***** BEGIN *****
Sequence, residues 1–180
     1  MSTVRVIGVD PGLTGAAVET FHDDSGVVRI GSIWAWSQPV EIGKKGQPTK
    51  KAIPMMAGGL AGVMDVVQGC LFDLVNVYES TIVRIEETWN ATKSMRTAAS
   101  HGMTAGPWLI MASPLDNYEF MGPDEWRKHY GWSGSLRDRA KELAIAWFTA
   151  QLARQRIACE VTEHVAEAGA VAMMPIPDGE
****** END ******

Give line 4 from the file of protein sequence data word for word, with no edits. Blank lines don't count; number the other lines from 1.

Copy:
   101  HGMTAGPWLI MASPLDNYEF MGPDEWRKHY GWSGSLRDRA KELAIAWFTA